Huntington Beach Planning Commission green-lights 7-story apartment complex at Bella Terra


A project to build 300 apartment units at Bella Terra mall was approved Tuesday night by the Huntington Beach Planning Commission.

On a 6-1 vote, the commissioners green-lit the project submitted by DJM Capital Partners, co-owner of Bella Terra. The seven-story building would include studio up to two-bedroom apartments, a three-level podium parking garage and 25,000 square feet of retail and restaurant space on the ground floor.

It would feature five stories of residential housing over two stories of retail space and parking, for a total of 392,000 square feet.

The project would demolish the existing Burlington (formerly known as Burlington Coat Factory) and more than 30,000 square feet of surrounding retail space. TCA Architects is overseeing the plans.

After securing permits and construction, the apartments could open by 2026.

“Burlington Coat Factory marginally belonged in that mall in the first place, back when Bella Terra opened 15 to 17 years ago,” Commissioner John Scandura said. “It was a dated department store, and over the years the business has declined to the point where only half the store is occupied now, and I doubt if it really generates much in the way of tax revenue.

“The problem is, to find a replacement for Burlington Coat Factory is almost impossible, because big-box retailers are contracting because of all the online retail business,” Scandura continued. “Furthermore, the whole design of Burlington Coat Factory just doesn’t fit in with the architectural design of Bella Terra mall. It’s a square peg in a round hole.”

Scandura said adding 300 apartment units will be helpful in alleviating part of the city’s housing crisis and meet its Regional Housing Needs Allocation requirement.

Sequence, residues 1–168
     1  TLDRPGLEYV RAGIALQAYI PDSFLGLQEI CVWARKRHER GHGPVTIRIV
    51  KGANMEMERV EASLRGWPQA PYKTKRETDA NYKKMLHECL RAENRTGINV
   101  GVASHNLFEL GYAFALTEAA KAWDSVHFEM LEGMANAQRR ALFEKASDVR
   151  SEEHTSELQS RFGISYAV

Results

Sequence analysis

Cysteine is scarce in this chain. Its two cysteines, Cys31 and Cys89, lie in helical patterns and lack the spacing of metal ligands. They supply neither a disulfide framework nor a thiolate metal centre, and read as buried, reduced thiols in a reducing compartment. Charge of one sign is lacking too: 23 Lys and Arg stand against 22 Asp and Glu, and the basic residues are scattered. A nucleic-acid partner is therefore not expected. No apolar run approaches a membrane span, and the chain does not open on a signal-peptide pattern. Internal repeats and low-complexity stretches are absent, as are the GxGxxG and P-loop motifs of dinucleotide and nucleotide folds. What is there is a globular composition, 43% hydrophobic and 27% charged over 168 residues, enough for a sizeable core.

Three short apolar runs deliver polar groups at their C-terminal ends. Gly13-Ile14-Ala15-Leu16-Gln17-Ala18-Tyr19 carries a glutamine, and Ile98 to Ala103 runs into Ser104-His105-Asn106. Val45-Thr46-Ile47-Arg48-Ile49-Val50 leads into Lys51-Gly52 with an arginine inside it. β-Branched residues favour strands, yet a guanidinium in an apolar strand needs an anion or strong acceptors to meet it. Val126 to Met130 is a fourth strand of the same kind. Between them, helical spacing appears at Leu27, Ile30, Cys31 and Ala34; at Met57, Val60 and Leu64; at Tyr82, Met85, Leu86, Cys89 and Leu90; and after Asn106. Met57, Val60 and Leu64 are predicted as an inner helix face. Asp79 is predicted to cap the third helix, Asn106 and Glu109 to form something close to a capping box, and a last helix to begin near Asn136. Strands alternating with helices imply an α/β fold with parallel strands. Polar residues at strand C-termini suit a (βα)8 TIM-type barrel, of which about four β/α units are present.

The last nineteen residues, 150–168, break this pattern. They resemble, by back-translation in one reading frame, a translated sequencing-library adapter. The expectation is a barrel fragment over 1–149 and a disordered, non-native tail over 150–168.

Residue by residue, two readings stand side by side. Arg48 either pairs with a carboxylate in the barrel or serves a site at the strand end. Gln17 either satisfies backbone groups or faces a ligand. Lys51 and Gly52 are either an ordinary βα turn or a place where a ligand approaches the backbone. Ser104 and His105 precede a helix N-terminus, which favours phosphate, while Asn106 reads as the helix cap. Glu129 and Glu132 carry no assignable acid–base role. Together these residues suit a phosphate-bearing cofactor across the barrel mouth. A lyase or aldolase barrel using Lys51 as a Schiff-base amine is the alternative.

“Clearly, there’s enormous benefits about this,” he said.

A rendering of the proposed new apartments and retail space at Bella Terra.

(Courtesy of DJM Capital Partners)

The new complex would also allow for a more direct route for cars entering from Edinger Avenue, to the existing parking structure located on the north side of Bella Terra, adjacent to the movie theater.

Currently, cars have to head west toward Costco, which often gets crowded near the gas station.

The project, which will next go before City Council for approval, includes an affordable housing component. Forty-five of the units would be designated affordable housing, including 27 moderate-income affordable and 18 low-income affordable units.

Burlington’s lease is nearly up, said Lindsay Parton, president of DJM Capital.

“We’re prepared finally to, we think, make the final major improvement to Bella Terra,” Parton said. “We’re taking down Burlington Coat Factory and ultimately really solving a lot of the traffic and parking conundrum we’ve had at Bella Terra over the years.”

The current allowed maximum building height under the Bella Terra Specific Plan is 75 feet and six stories, Huntington Beach senior planner Hayden Beckman said in a presentation, but a zoning text amendment would enable seven stories. Three proposed tower features, built as unoccupied space, would reach up to 91 feet, which is well within the plan’s allowance of architectural features up to 125 feet high.

The Burlington Coat Factory store at the Bella Terra mall on Tuesday.

The Burlington Coat Factory store at the Bella Terra mall on Tuesday.

(Don Leach / Staff Photographer)

The commissioners wanted amendments made before they would support the project, including assurance that the new garage would have electric vehicle charging stations that would not eliminate any parking spaces. Scandura proposed having directional signs to the parking garage, as well as a pedestrian bridge from the parking garage directly into the new apartment homes.

Planning Commission Chairman Brendon Perkins said he wanted improved pedestrian access via walkways through the mall.

“I think this is a fantastic project,” Perkins said. “The developer has taken lessons learned into account, as to what’s not working and what is working on the property, and really being proactive in addressing that … And I think mixed-use development is a fantastic way to go for adding additional housing stock in this city.”

Commissioner Alan Ray was the lone dissenting vote. He said the seven-story project exceeded the city’s specific plan, and he wasn’t in favor of changing the specific plan.

Ray added he was opposed to using an addendum to an environmental impact report, instead of a full EIR, for the project.

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